top of page

Television Becomes Reality: The Social Credit System in China

Updated: Aug 5, 2019

In 2016, the popular British television show Black Mirror debuted Nosedive: yet another of its episodes destined to leave the audience pondering the reality of their reliance on technology. Nosedive’s premise was fairly simple: a society run by a social credit system, where people rated others out of five stars. Ratings controlled society, influenced whether people could buy certain houses or attend certain events. The episode came to harrowing conclusions, including a confession by a social outcast of how her husband died because of these “harmless ratings” and the protagonist abandoning the rating system that had previously run her entire life.

Unlike most Black Mirror episodes, the horrors of Nosedive do not end when you step away from the screen. The Chinese government has implemented a similar system to the one in the show, known as a social credit system.

The Social Credit System unites all of a citizen’s actions to give them an overall “score.” According to the Chinese Government, the system intends to “allow the trustworthy to roam freely under heaven while making it hard for the discredited to take a single step”.

To keep scores, the government assigns a specific number to each person. This number then becomes part of their identity. Part of the system is identification by others: citizens can report others for crimes such as jaywalking and littering. These crimes, as well as traffic violations and other recorded behaviors can then be attributed points to be gained or lost by the government. The mandatory parts of the system are currently in progress, as the government uses internet and monitoring via city cameras to watch citizen’s bad and good behavior, from standing up a taxi to donating to charity. In the future, the system plans to be fully mandatory, such as monitoring internet usage to determine appropriate uses of one's time and assigning a score based on your internet actions.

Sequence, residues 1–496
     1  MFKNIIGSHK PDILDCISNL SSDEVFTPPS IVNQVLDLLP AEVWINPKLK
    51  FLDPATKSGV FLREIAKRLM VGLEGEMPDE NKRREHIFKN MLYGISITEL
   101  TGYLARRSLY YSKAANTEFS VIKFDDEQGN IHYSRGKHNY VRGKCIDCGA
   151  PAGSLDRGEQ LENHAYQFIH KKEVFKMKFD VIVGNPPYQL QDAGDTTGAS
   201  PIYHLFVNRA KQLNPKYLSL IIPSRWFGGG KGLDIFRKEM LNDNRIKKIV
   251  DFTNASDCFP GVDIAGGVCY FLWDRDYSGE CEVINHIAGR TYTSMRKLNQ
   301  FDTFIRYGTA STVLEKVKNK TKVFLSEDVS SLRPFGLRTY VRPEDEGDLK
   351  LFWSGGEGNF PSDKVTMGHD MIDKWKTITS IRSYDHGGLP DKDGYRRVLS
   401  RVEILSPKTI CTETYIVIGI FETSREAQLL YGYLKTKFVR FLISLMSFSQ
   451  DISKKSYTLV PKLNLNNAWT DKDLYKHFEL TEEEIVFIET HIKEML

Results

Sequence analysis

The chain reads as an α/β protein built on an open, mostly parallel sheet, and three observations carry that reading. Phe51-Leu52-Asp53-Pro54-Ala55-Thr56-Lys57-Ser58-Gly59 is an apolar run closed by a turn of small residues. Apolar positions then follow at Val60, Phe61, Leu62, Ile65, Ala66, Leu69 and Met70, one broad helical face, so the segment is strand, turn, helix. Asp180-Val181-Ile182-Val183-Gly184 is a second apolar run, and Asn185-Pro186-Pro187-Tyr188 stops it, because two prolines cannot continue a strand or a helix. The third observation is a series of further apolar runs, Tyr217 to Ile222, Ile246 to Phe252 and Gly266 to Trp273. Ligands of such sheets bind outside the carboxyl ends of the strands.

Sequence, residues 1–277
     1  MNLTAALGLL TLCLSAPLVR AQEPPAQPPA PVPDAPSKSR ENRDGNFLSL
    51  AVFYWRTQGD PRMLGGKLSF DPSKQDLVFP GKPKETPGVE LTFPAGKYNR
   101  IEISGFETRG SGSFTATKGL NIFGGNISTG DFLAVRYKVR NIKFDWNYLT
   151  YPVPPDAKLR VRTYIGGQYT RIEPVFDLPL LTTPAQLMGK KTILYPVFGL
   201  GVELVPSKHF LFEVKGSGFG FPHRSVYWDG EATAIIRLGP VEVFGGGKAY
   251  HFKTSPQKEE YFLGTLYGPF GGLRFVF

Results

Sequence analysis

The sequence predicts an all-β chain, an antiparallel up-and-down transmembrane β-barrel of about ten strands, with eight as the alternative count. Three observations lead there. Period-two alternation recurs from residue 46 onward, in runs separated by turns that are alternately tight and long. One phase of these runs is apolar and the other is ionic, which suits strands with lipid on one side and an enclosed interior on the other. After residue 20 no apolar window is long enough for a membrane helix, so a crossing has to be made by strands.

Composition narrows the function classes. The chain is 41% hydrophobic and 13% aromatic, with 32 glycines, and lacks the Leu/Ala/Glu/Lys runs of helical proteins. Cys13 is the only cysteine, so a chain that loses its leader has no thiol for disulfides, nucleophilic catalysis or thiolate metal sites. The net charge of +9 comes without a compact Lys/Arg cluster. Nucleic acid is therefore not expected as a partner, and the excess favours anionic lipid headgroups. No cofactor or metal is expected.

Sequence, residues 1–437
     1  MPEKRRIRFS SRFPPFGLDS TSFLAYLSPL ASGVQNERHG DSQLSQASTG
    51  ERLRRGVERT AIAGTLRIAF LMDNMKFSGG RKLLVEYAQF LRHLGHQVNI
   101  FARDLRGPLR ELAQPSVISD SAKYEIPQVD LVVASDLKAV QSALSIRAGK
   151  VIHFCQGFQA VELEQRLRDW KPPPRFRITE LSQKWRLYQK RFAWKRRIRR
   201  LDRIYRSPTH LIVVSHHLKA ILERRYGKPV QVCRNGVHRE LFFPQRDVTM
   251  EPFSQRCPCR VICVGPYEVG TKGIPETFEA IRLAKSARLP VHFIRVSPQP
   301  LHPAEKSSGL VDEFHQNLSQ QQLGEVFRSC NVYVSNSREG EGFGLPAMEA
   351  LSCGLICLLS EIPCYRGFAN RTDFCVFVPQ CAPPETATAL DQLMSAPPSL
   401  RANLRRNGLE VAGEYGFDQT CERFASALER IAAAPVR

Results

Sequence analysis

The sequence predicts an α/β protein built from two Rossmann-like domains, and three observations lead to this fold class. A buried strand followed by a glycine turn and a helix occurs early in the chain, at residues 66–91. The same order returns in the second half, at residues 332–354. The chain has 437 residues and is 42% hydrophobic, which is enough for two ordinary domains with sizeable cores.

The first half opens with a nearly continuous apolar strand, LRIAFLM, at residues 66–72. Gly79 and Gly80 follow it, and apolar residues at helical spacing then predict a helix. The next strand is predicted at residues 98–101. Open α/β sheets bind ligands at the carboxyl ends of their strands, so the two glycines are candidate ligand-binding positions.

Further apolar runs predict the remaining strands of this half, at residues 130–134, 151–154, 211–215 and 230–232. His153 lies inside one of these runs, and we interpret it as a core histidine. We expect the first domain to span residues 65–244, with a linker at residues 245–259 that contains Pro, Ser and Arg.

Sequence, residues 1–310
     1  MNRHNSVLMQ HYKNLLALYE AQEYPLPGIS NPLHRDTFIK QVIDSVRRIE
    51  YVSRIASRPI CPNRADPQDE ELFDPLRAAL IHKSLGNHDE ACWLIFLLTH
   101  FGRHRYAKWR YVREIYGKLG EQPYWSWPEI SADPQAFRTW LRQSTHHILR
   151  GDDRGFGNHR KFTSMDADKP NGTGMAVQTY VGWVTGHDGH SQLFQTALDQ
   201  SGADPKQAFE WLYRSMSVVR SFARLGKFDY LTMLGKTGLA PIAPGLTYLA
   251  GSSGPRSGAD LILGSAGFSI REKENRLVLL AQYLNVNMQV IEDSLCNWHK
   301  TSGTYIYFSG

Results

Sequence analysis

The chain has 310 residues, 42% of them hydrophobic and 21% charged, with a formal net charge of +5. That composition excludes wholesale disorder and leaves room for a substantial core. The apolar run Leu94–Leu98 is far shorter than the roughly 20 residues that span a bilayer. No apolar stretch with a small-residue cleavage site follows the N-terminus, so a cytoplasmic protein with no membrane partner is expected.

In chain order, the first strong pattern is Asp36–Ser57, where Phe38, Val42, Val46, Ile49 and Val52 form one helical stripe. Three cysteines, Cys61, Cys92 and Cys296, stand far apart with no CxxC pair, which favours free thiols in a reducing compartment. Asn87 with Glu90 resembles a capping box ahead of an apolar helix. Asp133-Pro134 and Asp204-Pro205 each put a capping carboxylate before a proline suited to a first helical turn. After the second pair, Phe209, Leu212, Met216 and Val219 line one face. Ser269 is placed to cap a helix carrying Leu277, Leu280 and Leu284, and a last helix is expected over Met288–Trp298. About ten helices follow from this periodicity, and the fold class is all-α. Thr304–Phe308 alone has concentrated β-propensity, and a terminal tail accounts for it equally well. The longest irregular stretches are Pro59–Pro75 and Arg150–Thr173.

Scores shift based on human actions. Playing video games for more than 11 hours, for example, can bump a person’s score down, while buying groceries as a responsible parent for your children can raise the score. Even social interactions going wrong, such as disrupting and causing others to be late in airports can lower your score, while citizens of other countries guilty of the same actions may instead face glares and angry curses.

Citizens with higher scores face better lives as a whole. They can pay less for energy bills, get better access for dating websites, not pay deposits on homes, and even get cheaper tickets for traveling. They can even see doctors for free if their score is high enough. For those who aren’t so lucky and have lower scores? They will find difficulty buying tickets, for both trains and airplanes, renting homes, enrolling their children in better schools, and will not be allowed to buy as high-quality items at a store.

Right now, the system varies region by region in China. However, the government has been vocal about bringing a nationwide system together by the year 2020.

While this might sound incredibly foreign, even Americans are not unused to a system like this. The FICO credit score system in the United States is fairly similar, with levels of credit preventing access to loans or renting apartments. This system, however, only factors in credit-based decisions, such as paying back credit cards late or going into bankruptcy. China’s social system is based on a variety of variables, including social actions that would warrant social ostracization in the U.S., such as littering or spending too much time on social media.

The Social Credit System’s application in China, created by the Mercator Institute

Even the creator of Nosedive is horrified by the ramifications of a system like this. Black Mirror showrunner Charlie Brooker told The Shortlist in 2017 that the fact that the Chinese system was “state-controlled, it feels even more sinister”. Rather than popularity ratings by friends, like in Nosedive, the Chinese government is taking an active role in promoting this system as the new way of life for its citizens.

Chinese people, however, are supporting the system and being incredibly vocal about their support. According to the Mercator Institute, 80% of surveye